The unanimous three-judge panel of the New Orleans-based 5th U.S. Circuit Court of Appeals found that Braidwood Management, which runs an alternative health center in Texas, cannot be sued by the U.S. Equal Employment Opportunity Commission over its policy that employees who engage in homosexual or gender non-conforming conduct will be fired.
Circuit Judge Jerry Smith wrote for the majority that without the shield, the company would be forced to “comply wholeheartedly” with policy it sees as “sinful,” upholding a ruling by U.S. District Judge Reed O’Connor in Fort Worth.
However, the court reversed O’Connor’s ruling that Braidwood could bring the case as a class action on behalf of other religious businesses. That means the exemption now only applies directly to Braidwood.
Smith was joined by Circuit Judges Edith Clement and Cory Wilson. All three judges were appointed by Republican presidents.
The EEOC and a lawyer for the plaintiffs did not immediately respond to requests for comment.
Braidwood sued the EEOC after the agency updated its enforcement guidance in 2021 to reflect the U.S. Supreme Court’s ruling in Bostock v. Clayton County, which said bias against gay and transgender workers is a form of unlawful sex discrimination under Title VII of the Civil Rights Act of 1964.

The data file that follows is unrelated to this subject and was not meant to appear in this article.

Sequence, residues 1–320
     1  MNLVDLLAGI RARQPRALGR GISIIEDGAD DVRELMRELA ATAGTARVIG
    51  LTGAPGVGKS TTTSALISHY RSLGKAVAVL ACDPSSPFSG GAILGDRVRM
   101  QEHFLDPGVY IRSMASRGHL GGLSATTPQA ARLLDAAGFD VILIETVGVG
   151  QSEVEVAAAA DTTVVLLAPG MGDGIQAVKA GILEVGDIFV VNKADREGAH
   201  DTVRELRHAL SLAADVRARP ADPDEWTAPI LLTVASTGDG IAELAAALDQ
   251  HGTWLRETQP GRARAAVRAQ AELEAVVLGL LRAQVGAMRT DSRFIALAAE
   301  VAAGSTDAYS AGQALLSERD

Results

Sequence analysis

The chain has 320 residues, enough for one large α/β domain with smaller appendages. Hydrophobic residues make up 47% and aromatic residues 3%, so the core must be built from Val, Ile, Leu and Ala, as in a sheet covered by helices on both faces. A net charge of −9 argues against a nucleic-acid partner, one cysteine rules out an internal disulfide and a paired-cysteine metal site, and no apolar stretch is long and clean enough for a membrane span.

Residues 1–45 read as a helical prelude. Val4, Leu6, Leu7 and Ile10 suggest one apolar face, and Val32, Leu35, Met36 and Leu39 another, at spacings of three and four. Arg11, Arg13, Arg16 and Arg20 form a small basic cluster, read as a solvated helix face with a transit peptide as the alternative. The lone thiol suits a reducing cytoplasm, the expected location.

The company said it was run according to Christian beliefs, including opposition to homosexuality and upholding specific gender roles. It had sought a court order shielding it from EEOC enforcement under the Religious Freedom Restoration Act, a 1993 federal law limiting government agencies’ ability to burden anyone’s religious freedom.
The company is separately suing the Biden administration over the Affordable Care Act’s requirement that health insurance plans, including those funded by employers, cover preventive care services including HIV-preventing drugs, which Braidwood also says violates its beliefs. O’Connor, who is also presiding over that case, ruled in the company’s favor in that case, though the order is partly on hold for now.